Why was Filippo Ganna’s Tirreno-Adriatico team car stacked with spare bikes?

Monday’s opening time trial at Tirreno-Adriatico, a no-frills, pan-flat run up and down Lido di Camaiore’s coastal road, passed largely without surprise on the results sheet. World time trial champion Filippo Ganna romped to victory, finishing 11 seconds clear of Remco Evenepoel and a further seven ahead of Tadej Pogačar, the week’s GC battle left poised in the Italian’s wake.

However, looking beyond the power and precision of the Italian’s 17th career time trial victory, some eagle-eyed viewers spotted something amiss – an abundance of spare bikes stacked atop the team car following him during the stage.

Ganna’s Ineos Grenadiers team weren’t preparing for a Michael Rasmussen-esque calamity on the 13.9-kilometre course, though – instead they were simply optimising their star rider’s aerodynamics.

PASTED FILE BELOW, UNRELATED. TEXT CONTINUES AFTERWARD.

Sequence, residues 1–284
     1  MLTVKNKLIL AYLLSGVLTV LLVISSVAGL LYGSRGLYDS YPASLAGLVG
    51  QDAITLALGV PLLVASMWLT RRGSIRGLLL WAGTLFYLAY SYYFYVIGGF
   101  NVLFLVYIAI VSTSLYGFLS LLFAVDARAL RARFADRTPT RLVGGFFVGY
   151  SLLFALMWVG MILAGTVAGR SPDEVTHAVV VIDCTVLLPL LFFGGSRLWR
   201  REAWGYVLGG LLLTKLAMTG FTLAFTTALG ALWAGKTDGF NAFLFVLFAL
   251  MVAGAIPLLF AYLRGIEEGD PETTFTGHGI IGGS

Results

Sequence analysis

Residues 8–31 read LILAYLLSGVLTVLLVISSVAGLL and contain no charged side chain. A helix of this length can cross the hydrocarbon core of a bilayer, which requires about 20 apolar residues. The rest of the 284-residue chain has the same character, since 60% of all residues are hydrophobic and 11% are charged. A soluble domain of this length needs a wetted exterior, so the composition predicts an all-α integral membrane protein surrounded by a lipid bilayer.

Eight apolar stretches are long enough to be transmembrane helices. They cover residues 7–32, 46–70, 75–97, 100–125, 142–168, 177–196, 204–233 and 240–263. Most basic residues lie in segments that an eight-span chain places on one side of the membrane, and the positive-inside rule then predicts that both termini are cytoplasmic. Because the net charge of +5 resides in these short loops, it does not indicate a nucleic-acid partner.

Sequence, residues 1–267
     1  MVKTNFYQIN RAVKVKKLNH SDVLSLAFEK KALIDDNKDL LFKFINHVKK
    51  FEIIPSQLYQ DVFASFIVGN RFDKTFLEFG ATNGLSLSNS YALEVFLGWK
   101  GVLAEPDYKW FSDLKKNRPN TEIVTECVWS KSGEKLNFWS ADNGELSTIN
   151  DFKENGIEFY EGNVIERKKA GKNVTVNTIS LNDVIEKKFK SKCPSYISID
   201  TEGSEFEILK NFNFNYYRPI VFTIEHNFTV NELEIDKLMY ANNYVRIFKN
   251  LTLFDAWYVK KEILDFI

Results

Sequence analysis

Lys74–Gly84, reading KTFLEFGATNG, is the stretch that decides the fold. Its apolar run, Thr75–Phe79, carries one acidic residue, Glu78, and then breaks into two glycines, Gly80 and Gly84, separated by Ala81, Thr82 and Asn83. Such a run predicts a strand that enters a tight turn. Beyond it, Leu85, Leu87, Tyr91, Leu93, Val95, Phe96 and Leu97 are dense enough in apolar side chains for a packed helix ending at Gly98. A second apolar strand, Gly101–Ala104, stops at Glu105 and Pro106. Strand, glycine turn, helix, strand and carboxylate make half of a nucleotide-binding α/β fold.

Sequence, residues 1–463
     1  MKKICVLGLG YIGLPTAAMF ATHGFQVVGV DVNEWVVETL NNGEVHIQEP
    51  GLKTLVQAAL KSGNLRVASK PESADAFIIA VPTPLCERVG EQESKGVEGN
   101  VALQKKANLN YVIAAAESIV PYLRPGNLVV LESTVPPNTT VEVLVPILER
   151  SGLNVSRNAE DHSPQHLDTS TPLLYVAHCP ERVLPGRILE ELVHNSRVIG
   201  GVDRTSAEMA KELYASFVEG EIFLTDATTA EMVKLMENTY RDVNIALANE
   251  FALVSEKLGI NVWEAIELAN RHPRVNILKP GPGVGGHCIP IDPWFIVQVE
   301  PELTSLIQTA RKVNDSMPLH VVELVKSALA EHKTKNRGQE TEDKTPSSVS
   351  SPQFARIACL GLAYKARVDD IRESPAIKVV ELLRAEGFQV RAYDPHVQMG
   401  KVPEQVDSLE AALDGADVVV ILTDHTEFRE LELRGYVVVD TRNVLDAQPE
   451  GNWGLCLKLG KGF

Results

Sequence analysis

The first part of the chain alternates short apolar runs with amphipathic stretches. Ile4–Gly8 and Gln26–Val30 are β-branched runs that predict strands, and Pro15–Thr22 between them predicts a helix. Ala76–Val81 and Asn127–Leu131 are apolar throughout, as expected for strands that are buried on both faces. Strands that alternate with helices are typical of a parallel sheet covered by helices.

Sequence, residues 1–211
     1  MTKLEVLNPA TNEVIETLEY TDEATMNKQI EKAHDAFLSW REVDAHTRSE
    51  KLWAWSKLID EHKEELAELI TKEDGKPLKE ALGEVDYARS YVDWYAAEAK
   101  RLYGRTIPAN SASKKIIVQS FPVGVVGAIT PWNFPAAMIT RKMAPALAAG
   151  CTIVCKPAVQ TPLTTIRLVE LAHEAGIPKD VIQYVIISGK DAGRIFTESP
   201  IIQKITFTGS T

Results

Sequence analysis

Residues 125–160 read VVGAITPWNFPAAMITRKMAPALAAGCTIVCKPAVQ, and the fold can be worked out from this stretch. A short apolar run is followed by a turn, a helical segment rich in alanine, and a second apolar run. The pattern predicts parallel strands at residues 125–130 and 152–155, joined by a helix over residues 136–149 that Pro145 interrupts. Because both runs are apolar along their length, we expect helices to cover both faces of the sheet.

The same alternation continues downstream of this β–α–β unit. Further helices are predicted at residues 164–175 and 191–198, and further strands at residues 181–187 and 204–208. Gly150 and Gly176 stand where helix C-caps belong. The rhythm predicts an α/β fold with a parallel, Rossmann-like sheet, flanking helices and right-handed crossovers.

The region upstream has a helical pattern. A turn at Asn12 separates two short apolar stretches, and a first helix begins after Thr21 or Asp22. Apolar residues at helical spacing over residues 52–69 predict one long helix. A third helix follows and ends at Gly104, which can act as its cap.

QuickStep-AlphaVinyl did the same in the car behind Evenepoel, too, while the car following fourth-placed Kasper Asgreen had five bikes on the roof. Meanwhile, the cars of Pogačar and fifth-placed Dowsett held only a standard single spare bike.

The exploit is not against UCI regulations – which don’t legislate for the number of spare bikes atop a team car – and is also seemingly not a brand new one conjured up by Ineos’ newly added aero expert Dan Bigham. Cyclingnews has pored through photo and video archives and found that, since the final stage of the 2021 Giro d’Italia onwards, Ganna has made the switch from one or two spare bikes to the plethora seen on Monday.

In fact, he has had a bike-laden team car following him at three out of the four time trials he has raced for Ineos since – at the Etoile de Bessèges, the Tour de la Provence, and on Monday.

 

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